The Los Rios Community College District requires faculty, staff and administrators to obey federal copyright law. There are also protections for LRCCD employees who create work while employed by the district. Guidance is provided in Board Regulation R-8333 (PDF).
Copyright allows authors or creators of original work to control the use of that work. These legal protections are automatic as soon as the work is fixed in a tangible form (in a blog, computer program, on paper, video recording, etc.). A © symbol is not required for copyright protections to be in place. It is illegal to copy, scan, distribute, perform or display copyrighted material without the copyright holder’s permission unless:
- The work falls under public domain
- The work holds a creative commons license
- Use of the work falls under fair use as defined by U.S. Copyright Law
Section 107 of the Copyright Act allows for copying and other uses of copyrighted work without permission from the original author or creator under certain conditions, including teaching and research. In order to establish fair use, the user must consider four factors:
- The purpose and character of the use, including whether it is for commercial or nonprofit educational purposes
- The nature of the copyrighted material
- The amount and substantiality of the portion used in relation to the whole
- The effect of the use on the potential market for or value of the copyrighted material
The Technology, Education and Copyright Harmonization Act (aka TEACH Act) was passed in 2002 and is contained in Section 110(2) of the Copyright Act. It provides guidelines for delivering digital content in electronic environments such as Canvas. The TEACH Act provides greater flexibility to nonprofit educational institutions to share electronic content for educational purposes. However, there are still considerable differences between what is allowed in a face-to-face teaching environment and what is allowed through distance education.
The TEACH Act has certain provisions including the requirement that instructors provide notice to students when using digital copies of copyrighted material in connection with a course. The following is sample language that could be included on the document or posted in Canvas:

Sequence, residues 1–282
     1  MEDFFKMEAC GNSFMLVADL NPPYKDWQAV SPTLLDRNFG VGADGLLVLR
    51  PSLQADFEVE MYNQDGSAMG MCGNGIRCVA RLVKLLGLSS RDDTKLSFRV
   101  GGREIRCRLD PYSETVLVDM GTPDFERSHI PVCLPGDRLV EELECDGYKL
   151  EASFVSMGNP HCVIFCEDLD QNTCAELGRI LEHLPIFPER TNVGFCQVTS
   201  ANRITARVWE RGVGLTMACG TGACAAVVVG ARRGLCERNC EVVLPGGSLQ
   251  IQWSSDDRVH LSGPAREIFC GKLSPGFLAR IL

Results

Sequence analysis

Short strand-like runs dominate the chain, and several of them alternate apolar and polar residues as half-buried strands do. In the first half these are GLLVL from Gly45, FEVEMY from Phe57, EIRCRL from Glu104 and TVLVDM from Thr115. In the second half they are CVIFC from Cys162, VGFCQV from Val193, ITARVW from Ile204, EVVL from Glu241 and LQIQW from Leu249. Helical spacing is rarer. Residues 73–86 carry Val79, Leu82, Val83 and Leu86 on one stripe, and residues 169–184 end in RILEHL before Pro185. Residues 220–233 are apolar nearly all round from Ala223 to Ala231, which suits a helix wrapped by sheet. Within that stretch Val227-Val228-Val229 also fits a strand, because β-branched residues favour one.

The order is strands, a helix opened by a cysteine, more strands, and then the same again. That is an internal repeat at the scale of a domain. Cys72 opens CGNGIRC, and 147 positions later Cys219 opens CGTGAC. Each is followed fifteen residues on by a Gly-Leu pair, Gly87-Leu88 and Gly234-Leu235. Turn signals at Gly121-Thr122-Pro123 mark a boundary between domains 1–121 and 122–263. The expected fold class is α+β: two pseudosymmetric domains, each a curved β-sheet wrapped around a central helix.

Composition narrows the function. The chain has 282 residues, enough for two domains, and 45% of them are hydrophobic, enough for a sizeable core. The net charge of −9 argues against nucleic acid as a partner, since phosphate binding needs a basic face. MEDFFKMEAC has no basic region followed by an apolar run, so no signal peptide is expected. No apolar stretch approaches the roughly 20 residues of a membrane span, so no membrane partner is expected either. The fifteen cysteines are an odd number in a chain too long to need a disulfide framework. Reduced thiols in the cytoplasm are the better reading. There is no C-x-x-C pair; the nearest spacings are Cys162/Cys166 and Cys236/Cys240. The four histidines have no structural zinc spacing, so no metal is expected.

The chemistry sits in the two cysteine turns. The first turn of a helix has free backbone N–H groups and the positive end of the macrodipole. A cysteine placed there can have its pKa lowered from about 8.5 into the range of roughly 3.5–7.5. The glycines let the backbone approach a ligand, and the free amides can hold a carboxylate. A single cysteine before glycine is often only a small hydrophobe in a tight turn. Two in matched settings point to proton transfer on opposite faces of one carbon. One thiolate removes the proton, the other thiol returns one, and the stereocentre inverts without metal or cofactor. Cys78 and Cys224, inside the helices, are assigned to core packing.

“The materials displayed in this course are copyrighted. All rights are reserved. The materials may only be used by students and faculty registered in the class and only for educational purposes. They cannot be copied or disseminated for any other purpose.”
Can I digitize an entire DVD to show to my online class? Answer from Duke University’s Scholarly Communications Officer, Kevin Smith, J.D., MLIS
- California State University Stanislaus’ TEACH Act Instructional Scenarios
Copyright Crash Course on Fair Use from the University of Texas
- Copyright Crash Course on the TEACH Act from the University of Texas
- TEACH Act checklist from the University of Texas
- Scholarly Communications Blog from Duke University
- Instructional Design & Development resources for online courses from California State University Stanislaus
- Copyright Clearance Center to obtain (usually for a fee) rights to share content with students
- Creative Commons search engine for web-based material to use in instruction
- Public Domain calculator from the American Library Association’s Office for Information Technology Policy
- U.S. Copyright Law (full text)
If you have questions about content you’d like to share with students, contact Librarian, Andi Adkins Pogue ((916) 691-7904, email@example.com) or Distance Education Coordinator, Greg Beyrer ((916) 691-7607, firstname.lastname@example.org ).
Disclaimer: This page is presented for informational purposes only and should not be substituted for professional legal advice.